When Considering Sales Training, Think like a Judge
Sales training is always one of the first things managers look to for increasing performance. But the number one reason managers are reluctant to invest in training is because they know that – four or five weeks after the trainer walks out of their classroom – salespeople go back to old habits. Studies show almost 80 percent of the value of training is lost within 90 days of its conclusion.
It is no longer enough to conduct sales training to establish the process framework for salespeople. To achieve optimal sales effectiveness, you must use the “rule of three”: technology and sales coaching in addition to training will work together to make training actually valuable in the long term and drive results.
Sales Coach or Judge?
Let’s first look at the impact of good sales coaching. According to the AA-ISP, managers spend less than 20 percent of their time on coaching – even though Selling Power reports effective sales coaching can improve win rates by as much as 25 percent.
The stats are in on the importance of establishing a process and supporting it with coaching:
- Almost 75 percent of sales organizations waste resources (CSO Insights, 2014) due to random and informal coaching approaches. Only one-quarter leverage a formal and dynamic coaching process.
- Overall quota attainment for companies with informal coaching processes is 84.7 percent – while companies that have implemented a formal coaching process see 91.2 percent of overall quota attainment (CSO Insights, 2014).
Sales coaching is all about interpretation. Interpreting the processes is no different from a judge interpreting the law and individual behaviors/motivations to take impartial and decisive action.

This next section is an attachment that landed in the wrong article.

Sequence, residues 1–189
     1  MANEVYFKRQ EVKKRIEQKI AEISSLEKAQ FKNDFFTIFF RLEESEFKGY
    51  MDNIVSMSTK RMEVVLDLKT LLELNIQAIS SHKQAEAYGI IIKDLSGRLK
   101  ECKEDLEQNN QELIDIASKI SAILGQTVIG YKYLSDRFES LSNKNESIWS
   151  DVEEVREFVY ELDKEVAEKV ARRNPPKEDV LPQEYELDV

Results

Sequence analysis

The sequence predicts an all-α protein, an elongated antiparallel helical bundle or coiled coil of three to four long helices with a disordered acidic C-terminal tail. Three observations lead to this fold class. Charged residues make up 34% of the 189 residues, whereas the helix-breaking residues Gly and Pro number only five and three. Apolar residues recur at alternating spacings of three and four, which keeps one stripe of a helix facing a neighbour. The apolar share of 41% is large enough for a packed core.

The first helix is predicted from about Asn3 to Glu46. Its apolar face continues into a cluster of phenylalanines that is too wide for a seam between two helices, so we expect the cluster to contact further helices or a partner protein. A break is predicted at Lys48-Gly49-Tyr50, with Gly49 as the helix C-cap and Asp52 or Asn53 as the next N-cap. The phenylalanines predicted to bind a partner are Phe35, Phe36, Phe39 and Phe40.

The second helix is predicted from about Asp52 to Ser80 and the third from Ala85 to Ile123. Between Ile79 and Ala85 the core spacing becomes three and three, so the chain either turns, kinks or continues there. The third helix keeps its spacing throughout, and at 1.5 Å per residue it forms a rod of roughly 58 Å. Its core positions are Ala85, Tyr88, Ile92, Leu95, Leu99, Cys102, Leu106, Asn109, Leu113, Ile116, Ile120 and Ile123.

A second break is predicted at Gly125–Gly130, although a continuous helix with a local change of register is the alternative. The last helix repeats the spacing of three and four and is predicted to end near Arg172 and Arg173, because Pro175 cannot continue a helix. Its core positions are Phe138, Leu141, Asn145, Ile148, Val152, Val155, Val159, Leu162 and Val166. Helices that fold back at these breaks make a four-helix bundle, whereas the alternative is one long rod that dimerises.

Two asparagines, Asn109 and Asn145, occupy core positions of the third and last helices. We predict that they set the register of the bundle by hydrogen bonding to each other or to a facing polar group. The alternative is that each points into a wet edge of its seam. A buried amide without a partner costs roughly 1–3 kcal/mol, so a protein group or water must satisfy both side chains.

The Sales “Justice System”
Which brings us back to training. Though not training or coaching is never an option, it must be augmented with technology that enforces the learned principles and processes every day automatically.
To establish a sales management program that is sustainable, your training, coaching, and technology-driven accountability system needs to work like the American judicial system.
Sales training is the “rules and regulations.” Technology – specifically, call activity tracking and attainment tools – should act as the daily “enforcement” of the team’s rules. What good is the law if there are no police to enforce the law? Finally, sales coaching makes a manager the “judge” to analyze and interpret both the law as well as behaviors and motivations of the people (your reps).
All three are essential, and none can exist without the others. Coaching and training without technology make as little sense as creating laws but having no police to enforce them – and having no ability to interpret or put them into context.
Good training programs set the foundation of activity. Technology ensures the principles from training are maintained on a day-to-day basis. Sales coaching will verify and optimize training principles for real-world selling in context.
When working together as an integrated system, you will not only improve effectiveness, but establish a blueprint for continuous improvement that is proven and measurable in any situation.